A Review of Routine Laboratory Biomarkers for the Detection of Severe COVID-19 Disease

Int J Anal Chem. 2022 Oct 11:2022:9006487. doi: 10.1155/2022/9006487. eCollection 2022.


As the COVID-19 pandemic continues, there is an urgent need to identify clinical and laboratory predictors of disease severity and prognosis. Once the coronavirus enters the cell, it triggers additional events via different signaling pathways. Cellular and molecular deregulation evoked by coronavirus infection can manifest as changes in laboratory findings. Understanding the relationship between laboratory biomarkers and COVID-19 outcomes would help in developing a risk-stratified approach to the treatment of patients with this disease. The purpose of this review is to investigate the role of hematological (white blood cell (WBC), lymphocyte, and neutrophil count, neutrophil-to-lymphocyte ratio (NLR), platelet, and red blood cell (RBC) count), inflammatory (C-reactive protein (CRP), erythrocyte sedimentation rate (ESR), and lactate dehydrogenase (LDH)), and biochemical (Albumin, aspartate aminotransferase (AST) and alanine aminotransferase (ALT), blood urea nitrogen (BUN), creatinine, D-dimer, total Cholesterol, low-density lipoprotein (LDL), and high-density lipoprotein (HDL)) biomarkers in the pathogenesis of COVID-19 disease and how their levels vary according to disease severity.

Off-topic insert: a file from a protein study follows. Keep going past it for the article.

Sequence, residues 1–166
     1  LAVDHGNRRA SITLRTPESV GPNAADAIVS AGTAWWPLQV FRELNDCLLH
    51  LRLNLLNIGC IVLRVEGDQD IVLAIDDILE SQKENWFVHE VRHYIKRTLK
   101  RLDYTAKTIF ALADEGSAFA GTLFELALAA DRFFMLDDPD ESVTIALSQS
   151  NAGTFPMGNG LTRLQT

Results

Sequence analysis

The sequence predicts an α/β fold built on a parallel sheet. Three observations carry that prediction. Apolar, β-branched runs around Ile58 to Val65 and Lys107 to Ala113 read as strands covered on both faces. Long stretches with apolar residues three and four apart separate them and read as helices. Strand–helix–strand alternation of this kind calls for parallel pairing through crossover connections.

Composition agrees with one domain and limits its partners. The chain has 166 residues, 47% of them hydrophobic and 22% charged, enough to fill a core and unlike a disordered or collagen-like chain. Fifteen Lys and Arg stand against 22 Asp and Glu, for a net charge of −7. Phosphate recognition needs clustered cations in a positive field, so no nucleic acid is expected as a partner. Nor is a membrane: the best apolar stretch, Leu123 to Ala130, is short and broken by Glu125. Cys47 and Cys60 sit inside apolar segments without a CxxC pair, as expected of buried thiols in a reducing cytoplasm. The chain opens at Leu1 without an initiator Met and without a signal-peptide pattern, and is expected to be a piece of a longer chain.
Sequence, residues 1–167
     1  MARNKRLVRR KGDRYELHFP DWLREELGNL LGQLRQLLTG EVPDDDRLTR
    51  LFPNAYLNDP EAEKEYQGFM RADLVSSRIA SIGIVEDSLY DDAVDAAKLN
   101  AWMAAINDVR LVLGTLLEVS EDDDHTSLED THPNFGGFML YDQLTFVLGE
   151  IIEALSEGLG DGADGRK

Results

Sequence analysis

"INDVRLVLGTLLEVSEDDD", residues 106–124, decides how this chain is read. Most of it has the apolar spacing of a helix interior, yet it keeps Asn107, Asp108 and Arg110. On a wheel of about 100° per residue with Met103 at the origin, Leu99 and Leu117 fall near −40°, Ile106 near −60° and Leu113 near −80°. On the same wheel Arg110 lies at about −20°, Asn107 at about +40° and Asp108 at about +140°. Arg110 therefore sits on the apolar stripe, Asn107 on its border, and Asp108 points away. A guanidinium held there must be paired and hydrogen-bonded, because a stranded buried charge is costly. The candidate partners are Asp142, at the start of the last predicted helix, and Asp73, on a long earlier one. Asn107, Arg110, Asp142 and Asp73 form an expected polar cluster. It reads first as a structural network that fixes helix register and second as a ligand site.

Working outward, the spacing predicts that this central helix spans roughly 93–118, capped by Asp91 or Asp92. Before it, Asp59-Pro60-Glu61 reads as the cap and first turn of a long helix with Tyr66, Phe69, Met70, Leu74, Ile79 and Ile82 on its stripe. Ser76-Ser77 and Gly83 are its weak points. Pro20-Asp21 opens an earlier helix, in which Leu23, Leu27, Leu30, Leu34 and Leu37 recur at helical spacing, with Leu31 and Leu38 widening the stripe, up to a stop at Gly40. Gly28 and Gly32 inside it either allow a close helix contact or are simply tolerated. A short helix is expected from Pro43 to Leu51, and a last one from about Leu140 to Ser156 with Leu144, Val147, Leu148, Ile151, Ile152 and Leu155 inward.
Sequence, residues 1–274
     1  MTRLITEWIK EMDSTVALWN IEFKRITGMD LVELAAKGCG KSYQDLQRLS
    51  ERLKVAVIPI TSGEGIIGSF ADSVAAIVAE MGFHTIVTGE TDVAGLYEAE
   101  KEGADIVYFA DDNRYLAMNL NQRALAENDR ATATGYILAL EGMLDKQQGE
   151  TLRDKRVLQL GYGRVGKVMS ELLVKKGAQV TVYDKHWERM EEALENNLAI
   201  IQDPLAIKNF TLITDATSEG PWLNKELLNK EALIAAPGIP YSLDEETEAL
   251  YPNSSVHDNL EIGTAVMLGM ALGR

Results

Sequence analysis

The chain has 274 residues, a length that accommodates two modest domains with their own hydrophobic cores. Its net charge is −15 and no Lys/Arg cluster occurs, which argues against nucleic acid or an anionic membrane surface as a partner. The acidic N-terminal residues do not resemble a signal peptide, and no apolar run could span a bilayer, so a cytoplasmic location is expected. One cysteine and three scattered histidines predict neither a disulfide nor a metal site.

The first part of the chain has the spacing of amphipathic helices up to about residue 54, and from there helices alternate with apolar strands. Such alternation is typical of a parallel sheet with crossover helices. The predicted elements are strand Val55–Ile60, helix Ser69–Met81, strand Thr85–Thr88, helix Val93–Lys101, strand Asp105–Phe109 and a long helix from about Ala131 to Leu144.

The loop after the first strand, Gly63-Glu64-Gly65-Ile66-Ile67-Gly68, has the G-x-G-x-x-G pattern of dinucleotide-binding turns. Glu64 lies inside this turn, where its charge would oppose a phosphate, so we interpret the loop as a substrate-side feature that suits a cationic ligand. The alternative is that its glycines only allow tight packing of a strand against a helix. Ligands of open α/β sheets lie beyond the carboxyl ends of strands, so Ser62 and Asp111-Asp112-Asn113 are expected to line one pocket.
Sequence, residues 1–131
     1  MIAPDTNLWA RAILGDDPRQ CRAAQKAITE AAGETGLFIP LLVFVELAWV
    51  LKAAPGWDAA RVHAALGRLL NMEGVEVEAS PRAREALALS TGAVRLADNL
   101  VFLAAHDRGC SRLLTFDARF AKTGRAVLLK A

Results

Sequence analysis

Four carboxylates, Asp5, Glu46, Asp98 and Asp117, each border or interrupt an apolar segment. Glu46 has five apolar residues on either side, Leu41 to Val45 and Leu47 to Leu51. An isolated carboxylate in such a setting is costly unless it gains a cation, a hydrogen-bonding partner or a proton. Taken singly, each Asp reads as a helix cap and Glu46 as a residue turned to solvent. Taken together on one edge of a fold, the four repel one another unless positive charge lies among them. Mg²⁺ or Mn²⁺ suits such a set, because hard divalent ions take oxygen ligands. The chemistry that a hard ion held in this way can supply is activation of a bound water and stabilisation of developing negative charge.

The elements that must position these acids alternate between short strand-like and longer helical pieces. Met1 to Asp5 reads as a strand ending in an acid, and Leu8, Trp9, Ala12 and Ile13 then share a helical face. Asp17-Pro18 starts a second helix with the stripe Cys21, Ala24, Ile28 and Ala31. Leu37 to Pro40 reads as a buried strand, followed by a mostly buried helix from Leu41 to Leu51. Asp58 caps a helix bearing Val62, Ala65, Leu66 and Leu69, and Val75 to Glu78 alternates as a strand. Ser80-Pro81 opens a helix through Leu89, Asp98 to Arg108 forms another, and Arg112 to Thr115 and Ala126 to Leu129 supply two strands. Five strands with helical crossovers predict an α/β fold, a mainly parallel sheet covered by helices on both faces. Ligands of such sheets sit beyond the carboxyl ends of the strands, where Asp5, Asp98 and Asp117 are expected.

Publication types

  • Review